Laura Ellen Bacon / Claire Benn / Daisy Imogen Buckle / Shannon Clegg / Geoffrey Fisher / Alice Fox / Daniel Freyne / Lise Herud Braten / Jane Ponsford / Julie Rignell / Amanda-Sue Rope / Annie Slack / Wycliffe Stutchbury / Gizella K Warburton
Natural (Re)Sources looks at the origin of the artist’s chosen materials. This doesn’t mean that the finished work looks as if it has just been collected from a forest floor, or dug from the ground without intervention, but rather that the material basis for the work is ‘of the earth’ in various forms.
Here we see the results of makers efforts to embrace the bounty that the earth proffers, working harmoniously with their chosen materials. Wycliffe Stutchbury takes the spoils of fallen trees or abandoned timber pallets and meticulously moulds and shapes beautiful meanderings of wooden shingles. Annie Slack carves her selected seasoned wooden bounty into sensuously formed spoons. Geoffrey Fisher coppices wood from his local area – a time honoured tradition that keeps woodland healthy – and works with the green wood to craft his range of brushes and newly completed crates. Jane Ponsford and Gizella K Warburton take further the refining of wood to produce their quietly considered paper and mixed fibre creations.
Blacksmith Daniel Freyne has collected iron laden stones from the beaches of Scandinavia, broken them down, smelted and then raised the resulting iron ore to form his eloquent vessels. Objects that are an ode to the rudimentary beginnings and fundamental awareness of our earth’s resources.
Shannon Clegg, Alice Fox and Julie Rignell all share a passion for plant materials and create pieces attuned to their origins, with little or no intervention from anything other than their hands. Environmental concerns are at the centre of Daisy Imogen Buckle’s practice. Using plant and other natural fibres she harnesses her talent for yarn and fabric manipulation with recycled, repurposed fabric and hand-woven pieces, making use of paper, woollen and cotton threads. Laura Ellen Bacon uses willow as the basis of her extraordinary abstract creations, that can feel strangely similar to organic growth and natural phenomena. Linen is Claire Benn’s canvas, to which she applies natural earth pigments bound with soya milk, together with hand-stitched natural fibre threads, to tell stories of the earth’s resources and current predicaments.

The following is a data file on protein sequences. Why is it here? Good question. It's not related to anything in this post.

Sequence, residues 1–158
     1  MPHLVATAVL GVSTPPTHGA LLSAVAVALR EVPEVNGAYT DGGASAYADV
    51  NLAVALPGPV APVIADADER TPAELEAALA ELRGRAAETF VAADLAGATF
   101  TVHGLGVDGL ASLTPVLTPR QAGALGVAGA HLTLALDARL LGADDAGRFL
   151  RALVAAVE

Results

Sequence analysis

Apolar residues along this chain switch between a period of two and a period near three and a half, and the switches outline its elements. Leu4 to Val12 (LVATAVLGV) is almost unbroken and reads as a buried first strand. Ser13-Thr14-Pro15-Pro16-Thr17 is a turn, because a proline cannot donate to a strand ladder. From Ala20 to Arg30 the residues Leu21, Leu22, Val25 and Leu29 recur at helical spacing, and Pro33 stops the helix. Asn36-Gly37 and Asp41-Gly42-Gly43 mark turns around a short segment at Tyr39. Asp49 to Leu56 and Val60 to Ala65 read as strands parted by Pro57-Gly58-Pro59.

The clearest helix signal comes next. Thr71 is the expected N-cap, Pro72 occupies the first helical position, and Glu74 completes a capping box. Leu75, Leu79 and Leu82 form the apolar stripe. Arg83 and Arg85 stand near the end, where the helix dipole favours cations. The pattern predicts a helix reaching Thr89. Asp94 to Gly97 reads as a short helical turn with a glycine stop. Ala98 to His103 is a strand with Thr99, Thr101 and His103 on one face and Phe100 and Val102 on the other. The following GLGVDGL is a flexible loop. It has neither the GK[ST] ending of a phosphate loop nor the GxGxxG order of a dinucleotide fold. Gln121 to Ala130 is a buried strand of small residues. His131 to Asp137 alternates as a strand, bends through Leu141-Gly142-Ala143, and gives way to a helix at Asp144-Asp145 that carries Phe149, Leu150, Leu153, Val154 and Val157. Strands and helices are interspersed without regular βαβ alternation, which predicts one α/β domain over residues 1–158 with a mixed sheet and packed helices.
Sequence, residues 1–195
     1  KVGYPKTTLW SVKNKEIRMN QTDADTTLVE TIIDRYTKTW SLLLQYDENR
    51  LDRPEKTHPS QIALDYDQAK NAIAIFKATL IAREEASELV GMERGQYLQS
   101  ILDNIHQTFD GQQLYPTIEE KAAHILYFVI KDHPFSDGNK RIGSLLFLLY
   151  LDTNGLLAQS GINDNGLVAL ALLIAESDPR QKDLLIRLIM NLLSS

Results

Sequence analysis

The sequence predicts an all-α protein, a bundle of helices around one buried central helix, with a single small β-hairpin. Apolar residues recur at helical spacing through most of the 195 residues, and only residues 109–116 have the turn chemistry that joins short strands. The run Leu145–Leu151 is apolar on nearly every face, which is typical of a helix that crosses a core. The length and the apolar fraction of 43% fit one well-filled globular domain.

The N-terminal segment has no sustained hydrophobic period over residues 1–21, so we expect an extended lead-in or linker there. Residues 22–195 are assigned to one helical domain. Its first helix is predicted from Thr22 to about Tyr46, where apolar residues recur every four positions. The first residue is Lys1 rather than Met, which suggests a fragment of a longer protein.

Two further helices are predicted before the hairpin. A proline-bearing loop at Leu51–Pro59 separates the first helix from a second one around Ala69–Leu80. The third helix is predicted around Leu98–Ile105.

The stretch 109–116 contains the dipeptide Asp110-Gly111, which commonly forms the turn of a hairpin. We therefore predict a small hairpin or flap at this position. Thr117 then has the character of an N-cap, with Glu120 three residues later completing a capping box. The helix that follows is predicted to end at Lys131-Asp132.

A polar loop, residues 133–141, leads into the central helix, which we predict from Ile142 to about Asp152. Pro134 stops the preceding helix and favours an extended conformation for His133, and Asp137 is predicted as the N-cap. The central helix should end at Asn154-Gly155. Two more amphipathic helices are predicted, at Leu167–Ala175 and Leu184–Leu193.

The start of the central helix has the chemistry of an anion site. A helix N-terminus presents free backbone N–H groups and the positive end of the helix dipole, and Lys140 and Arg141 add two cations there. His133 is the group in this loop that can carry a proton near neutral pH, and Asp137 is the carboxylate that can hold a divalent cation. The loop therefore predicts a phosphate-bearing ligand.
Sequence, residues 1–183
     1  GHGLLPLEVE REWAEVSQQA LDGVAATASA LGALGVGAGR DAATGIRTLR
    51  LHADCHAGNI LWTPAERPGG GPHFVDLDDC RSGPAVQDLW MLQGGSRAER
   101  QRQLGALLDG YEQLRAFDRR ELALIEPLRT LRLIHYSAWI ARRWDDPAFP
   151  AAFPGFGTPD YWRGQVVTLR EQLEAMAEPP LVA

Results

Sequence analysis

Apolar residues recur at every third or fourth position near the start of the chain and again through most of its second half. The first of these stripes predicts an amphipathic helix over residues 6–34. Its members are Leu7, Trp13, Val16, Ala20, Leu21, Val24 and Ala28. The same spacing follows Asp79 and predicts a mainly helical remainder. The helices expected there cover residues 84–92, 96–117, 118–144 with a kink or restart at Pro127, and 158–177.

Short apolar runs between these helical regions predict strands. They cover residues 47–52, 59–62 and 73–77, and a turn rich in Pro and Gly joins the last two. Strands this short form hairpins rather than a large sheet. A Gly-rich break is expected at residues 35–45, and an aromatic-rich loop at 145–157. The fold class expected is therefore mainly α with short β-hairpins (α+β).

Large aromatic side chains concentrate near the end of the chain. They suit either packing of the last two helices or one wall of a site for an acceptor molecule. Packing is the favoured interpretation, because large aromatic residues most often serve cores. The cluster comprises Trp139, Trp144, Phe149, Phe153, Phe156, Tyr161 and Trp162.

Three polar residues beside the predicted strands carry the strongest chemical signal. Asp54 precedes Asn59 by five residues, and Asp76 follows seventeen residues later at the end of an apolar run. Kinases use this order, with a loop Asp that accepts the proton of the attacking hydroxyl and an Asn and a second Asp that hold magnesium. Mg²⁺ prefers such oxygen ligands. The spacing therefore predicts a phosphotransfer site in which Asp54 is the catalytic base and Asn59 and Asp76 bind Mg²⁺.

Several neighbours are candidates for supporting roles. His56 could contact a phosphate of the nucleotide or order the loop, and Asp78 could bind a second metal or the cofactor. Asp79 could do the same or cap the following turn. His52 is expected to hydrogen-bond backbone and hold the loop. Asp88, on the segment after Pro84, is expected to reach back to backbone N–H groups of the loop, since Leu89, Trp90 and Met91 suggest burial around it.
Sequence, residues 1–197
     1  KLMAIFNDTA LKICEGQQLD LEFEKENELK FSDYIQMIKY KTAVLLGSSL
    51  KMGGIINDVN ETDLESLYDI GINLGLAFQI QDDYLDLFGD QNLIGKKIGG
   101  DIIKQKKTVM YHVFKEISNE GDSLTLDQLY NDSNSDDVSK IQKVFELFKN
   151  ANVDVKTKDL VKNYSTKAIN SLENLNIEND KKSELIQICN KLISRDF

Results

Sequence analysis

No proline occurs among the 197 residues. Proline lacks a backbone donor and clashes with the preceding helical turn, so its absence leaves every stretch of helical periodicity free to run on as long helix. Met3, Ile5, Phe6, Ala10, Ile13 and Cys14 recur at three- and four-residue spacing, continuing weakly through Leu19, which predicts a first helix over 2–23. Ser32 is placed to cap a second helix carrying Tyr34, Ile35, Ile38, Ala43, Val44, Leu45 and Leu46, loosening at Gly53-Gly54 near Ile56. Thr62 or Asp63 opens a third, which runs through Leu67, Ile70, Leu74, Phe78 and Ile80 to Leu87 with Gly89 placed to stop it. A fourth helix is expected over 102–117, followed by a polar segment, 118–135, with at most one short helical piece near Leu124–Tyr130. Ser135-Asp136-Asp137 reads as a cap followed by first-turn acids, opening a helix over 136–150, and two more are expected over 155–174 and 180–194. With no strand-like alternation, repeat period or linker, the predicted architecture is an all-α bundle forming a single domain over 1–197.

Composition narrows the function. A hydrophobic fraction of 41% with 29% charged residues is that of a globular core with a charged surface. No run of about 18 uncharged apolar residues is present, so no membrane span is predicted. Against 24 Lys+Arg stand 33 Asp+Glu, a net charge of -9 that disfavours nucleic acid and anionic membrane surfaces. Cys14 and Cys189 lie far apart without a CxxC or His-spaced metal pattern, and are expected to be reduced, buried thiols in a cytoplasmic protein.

Earth itself, clay, rounds off the selection of earthly riches, with works by ceramicists Lise Herud Braten and Amanda-Sue Rope. We see how their differing approaches to the manipulation of clays and contrasts in their inspiration and visual language, result in two very different outcomes, although sharing the same fundamental methodologies and process that a fired and finished ceramic demands.
All fourteen artist-makers excel in their fields; producing works that are a testament to using our Earth’s Natural (Re)Sources for the benefit of us, the people that come to view and appreciate their talents.
Gregory Parsons, Curator